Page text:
Bishop Hying

Christians are challenged to truly build and foster a culture of life

      Recently, Pope Francis announced that all priests throughout the world have the necessary permission to “absolve the sin of abortion” during the upcoming Year of Mercy. Based on comments and questions I heard from many people, there appears to be some confusion about what this news actually means. 

      Like individuals who commit other serious sins, Catholics who procure an abortion (including doctors, boyfriends or parents) suffer the penalty of excommunication from the Church. This means they are not able to receive the sacraments until the sin is absolved in confession and the penalty is lifted by the local bishop. For the penalty of excommunication to apply, however, the individual has to be aware of the penalty before procuring the abortion. Similarly, abortion is objectively a mortal sin, but the individual’s personal culpability varies widely, based on the circumstances. Many women are pressured or even forced by others to have an abortion; psychological and emotional trauma and stress often preclude individuals from thoughtfully and prayerfully discerning such a grave decision.

      Here, in most if not all of the dioceses in the United States, the local bishop has long granted permission to his priests to lift the excommunication penalty themselves when the sin of abortion is confessed; the situation does not have to be referred to the bishop.

      This current pastoral practice in our country means that the pope’s decision has no practical effect on how we minister to individuals wounded by abortion; in other words, we have already been doing for years what the pope proposes during this Year of Mercy for the whole Church. 

      What the pope’s announcement does notmean is that somehow abortion was not forgivable before this or will not be after the Year of Mercy ends, as some people have interpreted what they heard or read.  There is no special window of mercy that is only available for a limited time. As the Church prophetically proclaims the sanctity of all human life and condemns abortion as a grave sin, so equally she lifts up the mercy of God poured out in Jesus Christ which is readily available for those who seek forgiveness through repentance and a change of heart. 

      Pope Francis has spoken often about our “throw-away culture” and how many persons, including the unborn, the poor, the elderly, immigrants and the incarcerated are discarded, rejected and marginalized.  Mother Teresa frequently said that the greatest human poverty was the overwhelmingly sad experience of being unwanted and unloved.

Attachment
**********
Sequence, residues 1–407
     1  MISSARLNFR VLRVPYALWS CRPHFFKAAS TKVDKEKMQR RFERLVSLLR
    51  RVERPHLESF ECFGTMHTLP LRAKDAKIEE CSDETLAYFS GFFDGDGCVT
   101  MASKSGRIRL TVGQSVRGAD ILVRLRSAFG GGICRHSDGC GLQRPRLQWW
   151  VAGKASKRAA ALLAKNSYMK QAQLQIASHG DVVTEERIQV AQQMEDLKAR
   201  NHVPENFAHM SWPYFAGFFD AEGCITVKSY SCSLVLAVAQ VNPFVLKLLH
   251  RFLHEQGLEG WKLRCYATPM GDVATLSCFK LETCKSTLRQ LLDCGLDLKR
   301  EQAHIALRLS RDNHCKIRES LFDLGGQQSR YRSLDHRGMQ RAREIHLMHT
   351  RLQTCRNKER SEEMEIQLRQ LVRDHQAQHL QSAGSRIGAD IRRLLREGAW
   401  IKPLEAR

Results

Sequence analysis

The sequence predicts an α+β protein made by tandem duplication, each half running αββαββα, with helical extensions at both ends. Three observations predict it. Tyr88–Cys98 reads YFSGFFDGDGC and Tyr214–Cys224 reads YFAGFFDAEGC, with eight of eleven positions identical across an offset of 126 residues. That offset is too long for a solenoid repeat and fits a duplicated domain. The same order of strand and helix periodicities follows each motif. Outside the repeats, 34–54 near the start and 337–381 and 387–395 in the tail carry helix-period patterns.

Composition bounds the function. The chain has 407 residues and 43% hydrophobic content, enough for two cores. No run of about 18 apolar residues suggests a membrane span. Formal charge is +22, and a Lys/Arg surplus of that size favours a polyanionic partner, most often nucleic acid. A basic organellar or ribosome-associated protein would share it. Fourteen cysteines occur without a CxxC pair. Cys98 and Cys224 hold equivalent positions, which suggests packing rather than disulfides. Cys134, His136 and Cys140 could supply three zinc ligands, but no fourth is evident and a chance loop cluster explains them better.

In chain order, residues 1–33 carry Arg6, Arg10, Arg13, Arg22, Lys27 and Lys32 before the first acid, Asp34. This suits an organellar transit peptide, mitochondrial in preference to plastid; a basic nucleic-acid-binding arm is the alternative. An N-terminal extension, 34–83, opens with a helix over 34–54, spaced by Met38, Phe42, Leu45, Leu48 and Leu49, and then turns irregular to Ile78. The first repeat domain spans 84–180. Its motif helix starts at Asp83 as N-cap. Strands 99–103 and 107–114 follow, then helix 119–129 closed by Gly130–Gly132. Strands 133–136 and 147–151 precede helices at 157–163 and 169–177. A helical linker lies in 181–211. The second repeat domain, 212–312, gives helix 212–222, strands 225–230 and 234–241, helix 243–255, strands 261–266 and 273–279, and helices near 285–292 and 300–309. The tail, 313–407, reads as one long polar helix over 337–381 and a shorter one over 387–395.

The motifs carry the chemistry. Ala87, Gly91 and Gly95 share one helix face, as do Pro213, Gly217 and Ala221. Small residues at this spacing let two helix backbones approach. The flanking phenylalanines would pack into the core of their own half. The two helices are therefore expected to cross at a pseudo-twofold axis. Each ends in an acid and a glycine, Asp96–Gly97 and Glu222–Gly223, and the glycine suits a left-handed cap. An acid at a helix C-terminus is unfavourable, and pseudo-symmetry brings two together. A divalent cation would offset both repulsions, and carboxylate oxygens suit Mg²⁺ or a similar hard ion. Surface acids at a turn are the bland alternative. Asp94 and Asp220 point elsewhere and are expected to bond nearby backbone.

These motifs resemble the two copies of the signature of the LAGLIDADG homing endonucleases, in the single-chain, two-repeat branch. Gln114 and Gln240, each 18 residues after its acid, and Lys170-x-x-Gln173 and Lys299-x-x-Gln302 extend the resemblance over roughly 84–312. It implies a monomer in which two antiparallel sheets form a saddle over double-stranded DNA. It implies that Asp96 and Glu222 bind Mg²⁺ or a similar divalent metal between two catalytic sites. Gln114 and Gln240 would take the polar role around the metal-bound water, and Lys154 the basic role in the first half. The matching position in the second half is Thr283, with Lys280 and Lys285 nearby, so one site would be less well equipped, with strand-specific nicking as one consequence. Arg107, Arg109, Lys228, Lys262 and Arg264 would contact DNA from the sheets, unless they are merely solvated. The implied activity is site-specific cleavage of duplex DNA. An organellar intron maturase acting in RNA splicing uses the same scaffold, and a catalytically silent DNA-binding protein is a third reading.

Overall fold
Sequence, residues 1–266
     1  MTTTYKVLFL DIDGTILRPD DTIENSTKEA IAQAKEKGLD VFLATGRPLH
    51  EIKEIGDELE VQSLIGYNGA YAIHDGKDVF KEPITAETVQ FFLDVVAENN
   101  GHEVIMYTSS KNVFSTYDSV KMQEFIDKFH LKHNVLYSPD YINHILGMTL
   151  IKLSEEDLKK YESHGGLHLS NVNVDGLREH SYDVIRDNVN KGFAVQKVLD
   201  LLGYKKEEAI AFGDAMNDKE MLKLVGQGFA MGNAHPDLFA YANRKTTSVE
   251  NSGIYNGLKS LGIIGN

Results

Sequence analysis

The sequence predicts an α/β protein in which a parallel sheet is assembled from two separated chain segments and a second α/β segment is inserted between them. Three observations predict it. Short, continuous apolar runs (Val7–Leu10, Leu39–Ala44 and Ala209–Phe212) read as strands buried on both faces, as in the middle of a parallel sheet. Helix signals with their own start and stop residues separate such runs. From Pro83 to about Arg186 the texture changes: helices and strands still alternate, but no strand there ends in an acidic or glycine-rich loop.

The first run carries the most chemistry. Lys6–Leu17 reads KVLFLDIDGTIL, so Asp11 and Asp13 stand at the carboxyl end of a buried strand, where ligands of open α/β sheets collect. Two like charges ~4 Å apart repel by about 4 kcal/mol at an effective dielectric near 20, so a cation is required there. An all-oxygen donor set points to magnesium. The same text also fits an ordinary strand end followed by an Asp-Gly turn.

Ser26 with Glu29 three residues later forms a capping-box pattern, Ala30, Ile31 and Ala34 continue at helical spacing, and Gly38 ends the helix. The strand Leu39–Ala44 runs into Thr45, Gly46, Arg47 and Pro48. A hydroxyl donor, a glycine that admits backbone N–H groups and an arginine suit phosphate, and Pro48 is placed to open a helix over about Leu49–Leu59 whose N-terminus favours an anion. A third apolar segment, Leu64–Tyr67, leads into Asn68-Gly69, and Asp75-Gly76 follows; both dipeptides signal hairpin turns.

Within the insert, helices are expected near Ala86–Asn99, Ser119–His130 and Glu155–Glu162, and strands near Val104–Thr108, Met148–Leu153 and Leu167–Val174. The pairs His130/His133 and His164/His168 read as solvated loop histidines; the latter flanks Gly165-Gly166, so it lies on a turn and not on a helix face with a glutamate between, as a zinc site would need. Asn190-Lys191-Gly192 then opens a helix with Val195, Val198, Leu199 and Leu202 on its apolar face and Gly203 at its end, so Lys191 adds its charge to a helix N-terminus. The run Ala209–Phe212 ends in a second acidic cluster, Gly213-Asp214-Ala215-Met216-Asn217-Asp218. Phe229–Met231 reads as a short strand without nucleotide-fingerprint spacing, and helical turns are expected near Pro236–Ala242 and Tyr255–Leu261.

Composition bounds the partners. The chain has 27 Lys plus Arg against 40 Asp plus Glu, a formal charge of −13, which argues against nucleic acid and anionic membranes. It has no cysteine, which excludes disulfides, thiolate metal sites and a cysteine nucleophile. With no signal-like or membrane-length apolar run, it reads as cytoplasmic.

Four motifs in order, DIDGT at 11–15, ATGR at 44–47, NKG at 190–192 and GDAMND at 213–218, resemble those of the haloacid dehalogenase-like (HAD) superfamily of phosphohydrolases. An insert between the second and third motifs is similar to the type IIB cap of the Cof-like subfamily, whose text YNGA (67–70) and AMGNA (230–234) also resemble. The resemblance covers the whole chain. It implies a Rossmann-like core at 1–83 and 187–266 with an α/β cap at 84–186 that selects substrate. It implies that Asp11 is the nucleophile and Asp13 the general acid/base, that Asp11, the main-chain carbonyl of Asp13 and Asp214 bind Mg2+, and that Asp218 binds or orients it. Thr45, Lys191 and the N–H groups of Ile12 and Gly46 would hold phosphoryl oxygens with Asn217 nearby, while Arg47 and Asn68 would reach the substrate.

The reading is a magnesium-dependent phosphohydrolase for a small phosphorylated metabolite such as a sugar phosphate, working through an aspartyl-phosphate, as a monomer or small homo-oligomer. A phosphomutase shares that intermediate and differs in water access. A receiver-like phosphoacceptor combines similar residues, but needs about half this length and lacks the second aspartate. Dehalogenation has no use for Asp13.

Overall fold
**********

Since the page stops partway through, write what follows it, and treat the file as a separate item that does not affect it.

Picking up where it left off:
In my priestly ministry, I have been blessed to encounter many women and men who have been scarred by the tragedy of abortion and were looking for healing, peace and forgiveness. I have come to learn the complexity of this social and moral issue, the myriad factors and circumstances that influence such a decision and the heartbreak that accompanies the abortion of an unborn child. I have walked with many people as they found new hope and joy, came to believe in God’s forgiveness and embraced the often slow process of forgiving themselves. These graced experiences have made me more profoundly “pro-life” because I have seen first-hand how abortion not only takes an innocent human life but also scars and wounds the web of people and relationships around that unborn child. There are better and life-giving choices.

      As followers of Christ, we are challenged to truly build a culture of life where every human person is welcomed, wanted and loved, where all mothers and fathers, regardless of the circumstances of the conception of their child, choose for life because there is a supportive community of love, a web of practical help and morally good options surrounding them. It is never enough to be simply against abortion; we must generously work for the flourishing of families and individuals who are mired in poverty and despair. I am heartened by the wonderful efforts of the Women’s Care Center, the Carmelite Home, Nazareth House, St. Monica House and Sojourner Truth House, just to mention a few local organizations here in our diocese. We all need to sacrificially support these life-saving works.

      If you are carrying the wounds and guilt of an abortion, if you have been too afraid to confess your burden to a priest, if you are still struggling with believing and accepting the forgiveness of God, now is the time to reach out for God’s mercy and love. Trust the goodness of God, have confidence that the priest will not scold or condemn you, courageously lay down your burden and know the infinite and perfect love that God has for you!

       As St. Paul tells us, now is the moment of salvation; now is the time of mercy.

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